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Fast Food’s Franchising Dilemma


Wednesday, 1st July 2015 at 11:16 am
Lina Caneva, Editor
A web of franchisees is proving a challenge for an Australian fast food icon as it seeks to build its CSR program, writes Nadia Boyce in this week’s Executive Insight.

Wednesday, 1st July 2015
at 11:16 am
Lina Caneva, Editor


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Fast Food’s Franchising Dilemma
Wednesday, 1st July 2015 at 11:16 am

A web of franchisees is proving a challenge for an Australian fast food icon as it seeks to build its CSR program, writes Nadia Boyce in this week’s Executive Insight.

Fried chicken empire KFC has operated in Australia since 1968. The company now employs around 30,000 Australians in more than 600 stores across the country, many run by franchisees.

As it looks to ramp up its CSR efforts, The company now faces the dilemma of how best to include franchisees and tackle the raft of issues pertinent to the food industry, including activist lobbying, nutrition, supply chain and food waste.

The company has established an executive level CSR steering committee, which comprises the heads of various departments and meets monthly to work on implementing the firm’s CSR which centres on four key pillars:  food, community, environment and people.

The food giant describes itself as being “on a journey,” having released its first CSR report last year.

Sally Glover, Chief of Legal and Corporate Affairs at parent company Yum! Foods, spoke to Pro Bono Australia News about KFC Australia’s strategy for the future and why the company has chosen to focus on the areas where it believes it could make the most impact, including youth and hunger relief.

Franchising, A Friend or Foe?

KFC Australia owns and operates around 160 of its 600-plus stores nationwide, with the remainder owned by a community of over 60 franchisees. Diversity of ownership is one challenge proving a barrier to the alignment and dissemination of CSR messaging, Glover says.

“We’re not just dealing with a strategy across one company here, we’ve got, in KFC, around 60 franchisees, so for KFC as a brand, to have an effective, aligned CSR strategy, we really need to make sure that everyone’s comfortable with the way we’re going,” she says. “That takes time.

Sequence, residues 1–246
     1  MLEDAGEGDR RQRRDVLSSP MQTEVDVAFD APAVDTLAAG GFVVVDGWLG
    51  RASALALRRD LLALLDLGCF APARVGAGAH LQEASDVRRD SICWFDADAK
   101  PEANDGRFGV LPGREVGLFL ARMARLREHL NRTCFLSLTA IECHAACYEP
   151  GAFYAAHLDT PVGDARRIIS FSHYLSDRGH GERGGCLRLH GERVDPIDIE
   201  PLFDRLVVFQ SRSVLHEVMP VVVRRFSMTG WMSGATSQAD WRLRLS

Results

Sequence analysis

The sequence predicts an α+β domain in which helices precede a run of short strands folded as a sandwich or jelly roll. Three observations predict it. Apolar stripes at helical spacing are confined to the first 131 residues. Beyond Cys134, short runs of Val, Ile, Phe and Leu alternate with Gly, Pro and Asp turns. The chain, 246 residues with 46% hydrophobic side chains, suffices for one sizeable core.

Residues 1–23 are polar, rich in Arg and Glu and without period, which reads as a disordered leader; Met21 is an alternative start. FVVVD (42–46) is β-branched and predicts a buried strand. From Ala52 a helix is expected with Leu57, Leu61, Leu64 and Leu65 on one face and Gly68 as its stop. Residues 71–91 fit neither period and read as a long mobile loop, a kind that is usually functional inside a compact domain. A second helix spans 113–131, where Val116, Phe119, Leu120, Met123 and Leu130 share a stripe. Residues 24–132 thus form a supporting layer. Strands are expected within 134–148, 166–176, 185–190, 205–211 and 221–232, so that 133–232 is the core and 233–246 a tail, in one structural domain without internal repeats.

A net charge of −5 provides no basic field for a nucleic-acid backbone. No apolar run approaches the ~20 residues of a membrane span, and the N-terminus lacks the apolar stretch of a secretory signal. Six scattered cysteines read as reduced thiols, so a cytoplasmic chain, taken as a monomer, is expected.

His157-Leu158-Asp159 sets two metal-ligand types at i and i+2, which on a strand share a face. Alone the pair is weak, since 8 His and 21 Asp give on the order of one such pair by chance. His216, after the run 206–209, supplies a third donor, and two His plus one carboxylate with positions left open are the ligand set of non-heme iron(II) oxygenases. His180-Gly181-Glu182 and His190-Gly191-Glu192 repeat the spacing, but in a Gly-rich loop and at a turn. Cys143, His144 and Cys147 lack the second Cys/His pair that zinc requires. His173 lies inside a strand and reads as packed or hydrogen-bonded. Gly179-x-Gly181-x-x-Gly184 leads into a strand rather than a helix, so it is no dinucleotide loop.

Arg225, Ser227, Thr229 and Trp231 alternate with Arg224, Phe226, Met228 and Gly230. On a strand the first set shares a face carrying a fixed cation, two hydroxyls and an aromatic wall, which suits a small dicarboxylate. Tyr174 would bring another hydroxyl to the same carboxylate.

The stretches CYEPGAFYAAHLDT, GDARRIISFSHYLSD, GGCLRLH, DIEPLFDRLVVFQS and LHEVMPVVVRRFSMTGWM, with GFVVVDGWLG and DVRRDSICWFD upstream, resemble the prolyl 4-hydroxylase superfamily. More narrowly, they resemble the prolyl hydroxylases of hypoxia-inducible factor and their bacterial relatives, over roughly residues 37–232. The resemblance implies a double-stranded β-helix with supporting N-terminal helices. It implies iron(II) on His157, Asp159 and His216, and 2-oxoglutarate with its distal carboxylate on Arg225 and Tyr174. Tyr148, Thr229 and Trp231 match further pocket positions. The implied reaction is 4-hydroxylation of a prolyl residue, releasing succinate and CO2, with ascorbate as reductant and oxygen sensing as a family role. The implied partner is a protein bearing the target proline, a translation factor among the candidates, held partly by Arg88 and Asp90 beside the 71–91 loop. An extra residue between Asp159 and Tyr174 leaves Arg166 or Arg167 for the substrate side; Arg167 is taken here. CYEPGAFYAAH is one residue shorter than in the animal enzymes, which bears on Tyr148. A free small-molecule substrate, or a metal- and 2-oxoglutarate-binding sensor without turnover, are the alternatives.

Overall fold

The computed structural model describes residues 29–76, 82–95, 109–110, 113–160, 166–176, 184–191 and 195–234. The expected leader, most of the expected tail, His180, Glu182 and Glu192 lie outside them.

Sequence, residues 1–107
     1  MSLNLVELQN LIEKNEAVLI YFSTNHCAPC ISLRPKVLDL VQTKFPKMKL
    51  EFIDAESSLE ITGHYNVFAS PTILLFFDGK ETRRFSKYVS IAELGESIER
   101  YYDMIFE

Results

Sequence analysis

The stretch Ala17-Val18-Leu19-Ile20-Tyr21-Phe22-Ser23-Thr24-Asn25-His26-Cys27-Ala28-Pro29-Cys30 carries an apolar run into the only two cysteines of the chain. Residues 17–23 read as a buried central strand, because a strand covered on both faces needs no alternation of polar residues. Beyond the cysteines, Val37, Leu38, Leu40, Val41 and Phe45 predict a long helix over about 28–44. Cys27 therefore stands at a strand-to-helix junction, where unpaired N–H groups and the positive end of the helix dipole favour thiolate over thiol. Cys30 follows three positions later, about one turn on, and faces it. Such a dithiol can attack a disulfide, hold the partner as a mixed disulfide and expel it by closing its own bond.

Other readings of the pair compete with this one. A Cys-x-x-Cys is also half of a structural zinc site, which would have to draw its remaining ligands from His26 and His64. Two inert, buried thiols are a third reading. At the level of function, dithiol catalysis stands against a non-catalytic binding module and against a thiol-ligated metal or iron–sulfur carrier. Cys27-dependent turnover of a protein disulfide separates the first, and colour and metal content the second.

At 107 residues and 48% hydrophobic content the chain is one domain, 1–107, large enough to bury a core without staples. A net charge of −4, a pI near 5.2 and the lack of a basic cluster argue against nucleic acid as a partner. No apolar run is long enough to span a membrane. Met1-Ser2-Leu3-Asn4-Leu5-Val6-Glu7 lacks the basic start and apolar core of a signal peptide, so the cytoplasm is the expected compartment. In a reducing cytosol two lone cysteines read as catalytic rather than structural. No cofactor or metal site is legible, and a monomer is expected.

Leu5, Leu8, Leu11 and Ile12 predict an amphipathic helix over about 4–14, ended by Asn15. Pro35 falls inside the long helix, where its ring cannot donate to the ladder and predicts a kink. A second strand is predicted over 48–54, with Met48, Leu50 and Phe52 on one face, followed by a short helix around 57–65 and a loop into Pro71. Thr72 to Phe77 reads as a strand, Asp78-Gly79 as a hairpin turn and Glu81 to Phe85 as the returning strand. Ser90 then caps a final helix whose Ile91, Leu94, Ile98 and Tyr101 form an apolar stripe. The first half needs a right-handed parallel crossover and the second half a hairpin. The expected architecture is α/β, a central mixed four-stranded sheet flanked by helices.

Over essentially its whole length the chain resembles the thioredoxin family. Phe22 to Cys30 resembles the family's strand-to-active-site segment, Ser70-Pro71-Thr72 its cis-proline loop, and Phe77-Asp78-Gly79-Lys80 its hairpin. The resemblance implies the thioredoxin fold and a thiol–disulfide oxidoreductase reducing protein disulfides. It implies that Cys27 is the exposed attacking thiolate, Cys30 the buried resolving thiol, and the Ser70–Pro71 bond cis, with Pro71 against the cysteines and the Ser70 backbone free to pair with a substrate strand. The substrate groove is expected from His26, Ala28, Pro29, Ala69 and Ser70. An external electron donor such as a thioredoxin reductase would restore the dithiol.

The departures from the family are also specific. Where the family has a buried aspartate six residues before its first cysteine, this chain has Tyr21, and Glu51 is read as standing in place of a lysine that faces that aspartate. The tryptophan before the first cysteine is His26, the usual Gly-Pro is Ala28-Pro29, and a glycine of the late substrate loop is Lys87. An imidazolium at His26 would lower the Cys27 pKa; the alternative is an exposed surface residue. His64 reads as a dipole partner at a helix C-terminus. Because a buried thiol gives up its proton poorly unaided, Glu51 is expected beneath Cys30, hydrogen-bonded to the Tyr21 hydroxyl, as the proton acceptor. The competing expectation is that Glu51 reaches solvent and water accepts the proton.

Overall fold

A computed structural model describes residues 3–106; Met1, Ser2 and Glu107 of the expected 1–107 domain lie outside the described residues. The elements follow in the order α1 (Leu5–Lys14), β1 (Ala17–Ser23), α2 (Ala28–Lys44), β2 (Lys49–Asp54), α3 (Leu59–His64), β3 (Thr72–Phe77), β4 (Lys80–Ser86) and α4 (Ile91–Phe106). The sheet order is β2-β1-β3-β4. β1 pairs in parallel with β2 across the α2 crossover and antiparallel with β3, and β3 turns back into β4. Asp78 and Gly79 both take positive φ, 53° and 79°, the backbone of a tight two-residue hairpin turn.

“You’ve got to be sure you’re doing the right thing and that you’re focusing on areas where you can genuinely make a difference, and not just with ad hoc sponsorships and foundations.

“I think we see it as a long term journey that’s just going to take us a while. And fully getting that whole CSR strategy into the whole franchise system and whole organisation, it’s probably our biggest challenge.

“It’s about having discussions with our franchisees to let them know where we think they’re going and also to get their ideas as well around where they think we could benefit the community – for example, putting recycling bins in their own stores as we do with our company restaurants.”

Strong strategy is necessary to meet increased consumer demand for responsible practices concerning food supply, Glover says.

“I think transparency is emerging as, if it’s not already, a major trend. People want to know where their food’s coming from, and they want to know we’ve got a safe and sustainable supply chain, that sort of thing. I think in the food industry that’s really important because people want to know that their food is safe and that it’s coming from reputable sources,” she says.

“Engagement with our broader consumers with what we’re doing around the CSR space is important, as is targeted engagement with stakeholders who have the ability to criticise or influence your industry.

“A lot of people, when they learn about what we’re doing – in particular how we prepare our food – they’re really surprised. We recognised that we probably haven’t communicated enough in the last few years, but certainly, within the last year, that’s something we’ve really been trying to ramp up.

“We’ve spoken with various key opinion leaders in NGOs, we’ve spoken with Government, and that’s been useful, because they’ve also been able to direct us to other people we can speak with.”

Glover says the organisation is beginning to implement specific strategies to help with its CSR ambitions.

“We haven’t attended general CSR conferences because I think we’re probably new to this in some respects and still feeling our way,” she says.

“We’ve developed a stakeholder database which has more names in it every day, and we’re sending out newsletters to those people on a quarterly basis, and generally trying to engage more with people, taking up speaking opportunities.